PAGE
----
Kootenay Boundary Regional Hospital (Trail Times file photo)

Kootenay Boundary Regional Hospital (Trail Times file photo)

B.C. regional hospital districts seek an update to 1996 Act

WKBRHD board recently agreed it’s time to modernize and align the 1996 Hospital District Act

Hospital districts across B.C. are asking the province to update the 1996 Hospital District Act (HDA), so it better reflects 21st century practices.

The West Kootenay-Boundary RHD (regional hospital district) board recently agreed it’s time to modernize the statute and join the initiative, especially as the annual Union of BC Municipalities (UBCM) nears.

“There has been a concern expressed at the Regional Hospital District board about elements of the Hospital District Act which are not consistent with current practices,” Trail Mayor Mike Martin told the Times.

“And in fact, in some cases, there needs to be some reconsideration.”

The topic came up after the 30-member board received a direct request from the Comox Strathcona Regional Hospital District that they support updating the act, and that the matter be advanced to the Ministry of Health (MoH).

Martin says the motion passed unopposed.

“Each RHD in the province received a letter from Comox Strathcona RHD, with a request to join them in support of the two recommendations,” said Martin.

“The West Kootenay-Boundary RHD unanimously supported the above two elements,” he added.

“Also, there is a letter from the MoH supporting the need of updating the Hospital District Act to reflect current practices and (it) will be recommending the necessary changes in the near future.”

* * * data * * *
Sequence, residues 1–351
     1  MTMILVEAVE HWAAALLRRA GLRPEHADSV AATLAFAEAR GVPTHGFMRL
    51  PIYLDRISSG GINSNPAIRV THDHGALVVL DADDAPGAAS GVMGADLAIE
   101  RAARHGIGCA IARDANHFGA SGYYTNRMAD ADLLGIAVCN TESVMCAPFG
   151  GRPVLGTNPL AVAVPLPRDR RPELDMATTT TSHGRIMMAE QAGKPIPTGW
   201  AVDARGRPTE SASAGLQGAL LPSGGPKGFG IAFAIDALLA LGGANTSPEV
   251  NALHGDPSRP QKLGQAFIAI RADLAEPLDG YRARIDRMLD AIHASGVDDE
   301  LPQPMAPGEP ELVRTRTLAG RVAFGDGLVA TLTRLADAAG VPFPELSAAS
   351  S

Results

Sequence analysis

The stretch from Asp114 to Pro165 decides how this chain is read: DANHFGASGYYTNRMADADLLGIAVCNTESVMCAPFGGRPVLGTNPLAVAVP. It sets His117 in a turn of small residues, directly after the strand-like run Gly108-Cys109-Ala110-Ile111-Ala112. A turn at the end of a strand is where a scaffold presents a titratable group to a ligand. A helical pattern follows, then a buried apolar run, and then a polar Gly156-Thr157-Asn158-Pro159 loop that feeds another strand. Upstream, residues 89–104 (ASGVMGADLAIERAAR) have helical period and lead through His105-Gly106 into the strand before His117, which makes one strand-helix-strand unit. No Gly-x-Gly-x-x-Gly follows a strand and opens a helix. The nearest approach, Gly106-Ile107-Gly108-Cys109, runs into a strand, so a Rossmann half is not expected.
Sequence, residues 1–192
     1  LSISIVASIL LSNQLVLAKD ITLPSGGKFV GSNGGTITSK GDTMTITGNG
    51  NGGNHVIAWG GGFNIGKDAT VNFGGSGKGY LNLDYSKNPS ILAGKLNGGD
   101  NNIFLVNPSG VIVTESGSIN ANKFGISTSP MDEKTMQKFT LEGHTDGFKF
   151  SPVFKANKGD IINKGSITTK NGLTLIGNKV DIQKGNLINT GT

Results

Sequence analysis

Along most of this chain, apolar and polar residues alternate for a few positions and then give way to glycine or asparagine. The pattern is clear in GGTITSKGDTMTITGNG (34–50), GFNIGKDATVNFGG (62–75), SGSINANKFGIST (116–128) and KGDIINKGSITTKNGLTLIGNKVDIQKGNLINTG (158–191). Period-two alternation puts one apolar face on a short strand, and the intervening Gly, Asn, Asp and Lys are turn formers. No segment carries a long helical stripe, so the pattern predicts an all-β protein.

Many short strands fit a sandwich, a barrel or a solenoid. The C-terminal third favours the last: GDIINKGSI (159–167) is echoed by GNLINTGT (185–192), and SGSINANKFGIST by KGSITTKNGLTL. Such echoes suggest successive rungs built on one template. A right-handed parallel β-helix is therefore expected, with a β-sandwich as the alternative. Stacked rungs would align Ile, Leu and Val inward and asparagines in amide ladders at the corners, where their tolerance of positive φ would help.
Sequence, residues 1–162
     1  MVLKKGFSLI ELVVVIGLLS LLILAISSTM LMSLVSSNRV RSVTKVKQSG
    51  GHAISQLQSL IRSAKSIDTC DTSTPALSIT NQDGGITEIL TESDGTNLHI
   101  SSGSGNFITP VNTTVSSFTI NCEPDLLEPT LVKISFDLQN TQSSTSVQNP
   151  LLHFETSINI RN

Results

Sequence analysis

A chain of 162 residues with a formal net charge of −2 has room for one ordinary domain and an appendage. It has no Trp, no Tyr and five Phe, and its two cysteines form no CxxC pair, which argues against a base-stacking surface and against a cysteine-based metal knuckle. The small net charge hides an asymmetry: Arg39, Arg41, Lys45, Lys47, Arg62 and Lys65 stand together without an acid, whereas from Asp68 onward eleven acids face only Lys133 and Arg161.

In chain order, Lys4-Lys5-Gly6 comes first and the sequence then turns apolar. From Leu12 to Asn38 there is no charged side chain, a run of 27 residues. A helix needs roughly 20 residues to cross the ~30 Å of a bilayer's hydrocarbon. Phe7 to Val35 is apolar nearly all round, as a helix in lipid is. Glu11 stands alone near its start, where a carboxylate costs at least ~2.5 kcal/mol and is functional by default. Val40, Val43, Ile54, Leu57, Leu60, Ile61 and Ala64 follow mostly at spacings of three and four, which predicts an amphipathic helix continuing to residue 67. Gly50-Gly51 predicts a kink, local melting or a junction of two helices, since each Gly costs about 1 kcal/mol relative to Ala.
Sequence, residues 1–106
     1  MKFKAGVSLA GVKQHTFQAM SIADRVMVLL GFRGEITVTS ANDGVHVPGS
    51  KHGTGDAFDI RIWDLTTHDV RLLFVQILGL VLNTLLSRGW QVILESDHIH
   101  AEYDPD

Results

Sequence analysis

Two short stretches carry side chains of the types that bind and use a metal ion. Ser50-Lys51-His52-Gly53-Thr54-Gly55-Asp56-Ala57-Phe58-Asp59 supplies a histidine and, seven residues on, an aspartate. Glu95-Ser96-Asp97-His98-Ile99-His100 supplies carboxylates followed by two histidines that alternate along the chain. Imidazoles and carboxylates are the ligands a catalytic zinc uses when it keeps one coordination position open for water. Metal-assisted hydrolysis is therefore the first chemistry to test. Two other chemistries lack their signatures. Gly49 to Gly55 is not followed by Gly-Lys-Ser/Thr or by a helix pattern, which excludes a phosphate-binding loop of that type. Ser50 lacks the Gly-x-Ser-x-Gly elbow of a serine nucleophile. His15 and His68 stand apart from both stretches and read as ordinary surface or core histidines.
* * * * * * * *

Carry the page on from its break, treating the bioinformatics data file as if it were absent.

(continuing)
In the meantime, Martin said there is no expectation that hospital districts will need to change current practices.

He mentioned three specific areas of the Act – legislative policy, tax rates, and language – to exemplify sections in need of aligning and modernizing.

For instance, each year regional hospital districts budget for capital expenditures, such as new equipment or repair of certain infrastructure.

Historically, taxpayers dollars are not used for costs to operate hospitals and facilities, such as staffing.

“With regard to the funding formula, the concern has been with regard to RHD being asked to consider funding for operating needs as part of the cost sharing,” Martin said.

“The need for clarification, as in the view of the RHD cost sharing, should be limited to construction and capital equipment.”

Tax rates also need to be amended, he said.

“To enable RHD’s to set the appropriate tax rate to reflect the local hospital district funding priorities.”

Additionally, within the current Act, there is no clear definition of the facilities eligible for funding, Martin added.

“(It) seems to be all over the map with regard to acute and residential care.”

As the 2017 UBCM nears, Martin says the City of Trail will be requesting meetings with both the Ministry of Health and Interior Health.

The primary purpose of the West Kootenay-Boundary RHD is to provide funding for hospital equipment and capital projects, with the board determining how much local taxpayers will contribute annually.

Projects are proposed by Interior Health (IH) each year, then a priority list is developed in consultation with the regional hospital district board.

The hospital district typically pays 40 per cent of the cost for approved projects, while the remaining 60 per cent is funded by the province or through donations from local hospital foundations.

Notably, in 1967, through adoption of the Hospital District Act, regional districts were given responsibility for regional hospital capital financing.

This was enacted in large part, to introduce fairness in access to health services. For example, until that time, municipalities paid for all of the capital costs of respective hospitals, even though people living outside city boundaries benefited.

Similarly, small rural hospitals or diagnostic and treatment centers had to be financed by local improvement districts which varied greatly in terms of their financial capacity.